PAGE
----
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Old 03-23-2009, 08:06 AM
Nigel Horne
 
Default Bug#414287: eth0 to eth0_rename_ren

I just had to change my motherboard and when I did I lost eth0 and it
was called eth0_rename with no networking. I manually changed everything
in /etc/network/interfaces from eth0 to eth0_rename along with
firewall/routing/blah blah settings.


This morning I booted up and guess what? The same problem, only this
time I had to change eth0_rename to eth0_rename_ren in all my files and
settings. What gives? Why doesn't Linux just call it eth0, it's not
rocket science!


This is on Debian 5.0.




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Old 03-23-2009, 10:13 PM
Ben Hutchings
 
Default Bug#414287: eth0 to eth0_rename_ren

On Mon, 2009-03-23 at 09:06 +0000, Nigel Horne wrote:
> I just had to change my motherboard and when I did I lost eth0 and it
> was called eth0_rename with no networking. I manually changed everything
> in /etc/network/interfaces from eth0 to eth0_rename along with
> firewall/routing/blah blah settings.
>
> This morning I booted up and guess what? The same problem, only this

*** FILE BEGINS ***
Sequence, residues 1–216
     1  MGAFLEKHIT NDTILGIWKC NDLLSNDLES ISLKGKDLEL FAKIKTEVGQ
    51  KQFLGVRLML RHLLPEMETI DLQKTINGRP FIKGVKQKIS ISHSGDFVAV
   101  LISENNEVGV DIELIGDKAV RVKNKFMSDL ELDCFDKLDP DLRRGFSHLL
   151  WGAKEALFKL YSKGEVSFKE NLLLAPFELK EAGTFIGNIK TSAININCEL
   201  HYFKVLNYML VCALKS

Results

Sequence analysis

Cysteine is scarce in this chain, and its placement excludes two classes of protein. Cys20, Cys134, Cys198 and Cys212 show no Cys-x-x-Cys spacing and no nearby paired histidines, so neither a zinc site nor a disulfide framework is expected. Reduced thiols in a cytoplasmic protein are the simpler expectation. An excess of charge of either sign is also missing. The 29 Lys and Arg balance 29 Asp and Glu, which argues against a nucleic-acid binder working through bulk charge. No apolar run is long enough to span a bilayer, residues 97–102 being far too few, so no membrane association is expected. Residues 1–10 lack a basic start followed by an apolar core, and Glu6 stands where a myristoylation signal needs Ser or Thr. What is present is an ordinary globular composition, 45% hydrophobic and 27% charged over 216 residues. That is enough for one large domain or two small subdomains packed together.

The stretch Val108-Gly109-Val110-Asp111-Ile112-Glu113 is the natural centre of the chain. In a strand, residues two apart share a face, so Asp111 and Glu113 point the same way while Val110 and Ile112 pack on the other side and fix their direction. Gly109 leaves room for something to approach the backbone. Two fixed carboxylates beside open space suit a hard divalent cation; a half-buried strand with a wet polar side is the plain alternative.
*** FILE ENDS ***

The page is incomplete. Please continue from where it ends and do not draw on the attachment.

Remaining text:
> time I had to change eth0_rename to eth0_rename_ren in all my files and
> settings. What gives? Why doesn't Linux just call it eth0, it's not
> rocket science!

Ethernet interfaces are initially named eth0, eth1, etc. as they are
detected by drivers. The order in which they are detected and numbered
may vary between boots and particularly if you install, remove or
relocate expansion cards.

If you have udev installed (you probably do) it will record the name of
each new physical interface (identified by MAC address) in
/etc/udev/rules.d/70-persistent-net.rules. On subsequent boots these
rules ensure that interfaces get the same name again. However,
sometimes the rules may be written wrongly such that two interfaces are
supposed to be given the same name (eth0 in this case). In this case
udev will give up and one of them will be left with the "_rename"
suffix. You will need to edit this file to fix it.

Ben.
 

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